Digital Media and Composition | ENGL 502
This course introduces students to writing in digital environments though it emphasizes a user-centered approach to web site design and content development. Topics covered include theories of digital writing, the relationship between traditional forms and emerging forms of writing, and the relationship between design and writing.
Language and Writing | ENGL 503
This course examines the influence of language on written communication within the secondary and postsecondary English classroom and within digital environments. Specifically, it will investigate teaching grammar in the context of writing and other linguistic-based approaches to the teaching of writing and multimodal compositions.
Writing for Alternative Academic Careers | ENGL 508
This course focuses on writing processes for alternative academic careers including writing specialist positions in museums, government, law, corporate and editing and publishing sectors. In addition to writing for print, composing social media and other digital communications will be emphasized.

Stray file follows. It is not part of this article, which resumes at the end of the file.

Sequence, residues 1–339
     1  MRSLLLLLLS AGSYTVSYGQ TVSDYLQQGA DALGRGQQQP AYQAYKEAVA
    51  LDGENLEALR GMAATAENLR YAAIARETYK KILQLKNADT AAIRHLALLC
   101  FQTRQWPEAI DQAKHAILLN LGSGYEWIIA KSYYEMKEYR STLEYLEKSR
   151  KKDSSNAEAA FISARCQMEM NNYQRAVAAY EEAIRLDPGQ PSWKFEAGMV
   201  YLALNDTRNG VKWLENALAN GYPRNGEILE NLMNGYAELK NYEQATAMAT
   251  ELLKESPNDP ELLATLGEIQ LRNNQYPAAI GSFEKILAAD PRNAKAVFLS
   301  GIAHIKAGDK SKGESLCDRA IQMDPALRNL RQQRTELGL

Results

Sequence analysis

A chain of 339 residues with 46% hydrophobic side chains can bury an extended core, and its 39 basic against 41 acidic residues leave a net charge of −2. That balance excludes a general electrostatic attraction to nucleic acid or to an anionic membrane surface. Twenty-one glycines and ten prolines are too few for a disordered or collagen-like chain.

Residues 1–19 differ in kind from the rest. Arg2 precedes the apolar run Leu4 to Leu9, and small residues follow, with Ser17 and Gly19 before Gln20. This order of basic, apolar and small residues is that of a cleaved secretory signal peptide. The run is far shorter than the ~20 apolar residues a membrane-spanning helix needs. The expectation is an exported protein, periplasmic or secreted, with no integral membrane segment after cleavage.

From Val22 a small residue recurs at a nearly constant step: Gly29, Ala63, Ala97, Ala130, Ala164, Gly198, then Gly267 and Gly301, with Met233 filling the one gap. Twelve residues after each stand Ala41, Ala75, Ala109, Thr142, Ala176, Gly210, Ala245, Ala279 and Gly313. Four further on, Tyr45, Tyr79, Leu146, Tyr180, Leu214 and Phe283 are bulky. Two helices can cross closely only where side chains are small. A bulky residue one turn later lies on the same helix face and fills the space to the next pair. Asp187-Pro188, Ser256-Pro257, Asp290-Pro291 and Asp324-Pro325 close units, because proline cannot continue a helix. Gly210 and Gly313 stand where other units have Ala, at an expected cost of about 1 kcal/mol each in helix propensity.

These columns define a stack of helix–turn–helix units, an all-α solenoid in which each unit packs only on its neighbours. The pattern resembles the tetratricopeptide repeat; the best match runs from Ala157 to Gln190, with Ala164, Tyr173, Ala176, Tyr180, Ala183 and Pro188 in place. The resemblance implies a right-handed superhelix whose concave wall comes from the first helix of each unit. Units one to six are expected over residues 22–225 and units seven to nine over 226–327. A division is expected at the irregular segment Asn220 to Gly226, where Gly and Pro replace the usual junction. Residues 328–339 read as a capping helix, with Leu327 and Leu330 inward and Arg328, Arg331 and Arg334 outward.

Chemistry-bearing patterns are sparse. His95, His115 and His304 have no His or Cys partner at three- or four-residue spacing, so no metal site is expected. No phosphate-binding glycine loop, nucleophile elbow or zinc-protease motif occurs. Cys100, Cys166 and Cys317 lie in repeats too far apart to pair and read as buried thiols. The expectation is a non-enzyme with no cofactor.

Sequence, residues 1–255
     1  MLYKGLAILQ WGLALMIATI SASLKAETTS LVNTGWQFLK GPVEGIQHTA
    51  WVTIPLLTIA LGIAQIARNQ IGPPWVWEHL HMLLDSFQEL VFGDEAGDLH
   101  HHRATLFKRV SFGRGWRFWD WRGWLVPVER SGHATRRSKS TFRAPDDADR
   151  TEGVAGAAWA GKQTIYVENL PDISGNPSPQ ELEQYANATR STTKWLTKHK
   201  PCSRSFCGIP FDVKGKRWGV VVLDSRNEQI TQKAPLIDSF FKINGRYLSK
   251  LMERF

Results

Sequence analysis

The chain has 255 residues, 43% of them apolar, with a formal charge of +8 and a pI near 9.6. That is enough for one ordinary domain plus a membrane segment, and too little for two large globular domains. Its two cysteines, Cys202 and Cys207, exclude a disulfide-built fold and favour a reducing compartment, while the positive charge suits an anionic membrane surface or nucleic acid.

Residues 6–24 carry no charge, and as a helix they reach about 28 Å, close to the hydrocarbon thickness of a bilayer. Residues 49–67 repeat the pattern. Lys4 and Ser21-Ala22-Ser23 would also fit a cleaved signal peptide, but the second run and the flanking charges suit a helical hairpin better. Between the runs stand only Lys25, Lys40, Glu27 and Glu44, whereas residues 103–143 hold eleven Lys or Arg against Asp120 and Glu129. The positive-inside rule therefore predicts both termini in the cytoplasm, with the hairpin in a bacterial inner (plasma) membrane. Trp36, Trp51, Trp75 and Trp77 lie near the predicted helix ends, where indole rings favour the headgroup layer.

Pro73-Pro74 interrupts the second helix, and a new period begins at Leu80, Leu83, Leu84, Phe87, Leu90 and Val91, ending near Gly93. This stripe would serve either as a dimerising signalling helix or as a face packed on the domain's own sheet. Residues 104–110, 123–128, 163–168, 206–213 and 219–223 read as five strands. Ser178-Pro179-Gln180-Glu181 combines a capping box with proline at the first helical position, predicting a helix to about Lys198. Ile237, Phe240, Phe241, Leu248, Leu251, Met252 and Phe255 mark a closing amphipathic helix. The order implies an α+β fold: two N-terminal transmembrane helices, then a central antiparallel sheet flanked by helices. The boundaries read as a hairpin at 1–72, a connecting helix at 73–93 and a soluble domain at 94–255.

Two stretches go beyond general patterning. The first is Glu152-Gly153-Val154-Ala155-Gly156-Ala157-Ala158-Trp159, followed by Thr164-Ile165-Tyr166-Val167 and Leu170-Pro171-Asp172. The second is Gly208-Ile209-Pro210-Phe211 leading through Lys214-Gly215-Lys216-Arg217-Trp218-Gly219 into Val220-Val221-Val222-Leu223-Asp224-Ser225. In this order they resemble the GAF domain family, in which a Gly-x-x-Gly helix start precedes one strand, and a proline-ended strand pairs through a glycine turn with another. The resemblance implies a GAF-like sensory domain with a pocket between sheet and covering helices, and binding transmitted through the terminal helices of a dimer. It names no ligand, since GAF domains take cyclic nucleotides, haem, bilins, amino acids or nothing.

This course provides an introduction to classical rhetoric grounded in Greco-Roman antiquity and texts and themes that constitute "the rhetorical tradition." Readings for the course include primary texts by Greek and Roman classical speakers/writers as well as secondary readings on ancient rhetoric, connections to medieval and Renaissance rhetoric, and classical links to a multimodal rhetorical tradition.
Contemporary Rhetorical Theory | ENGL 505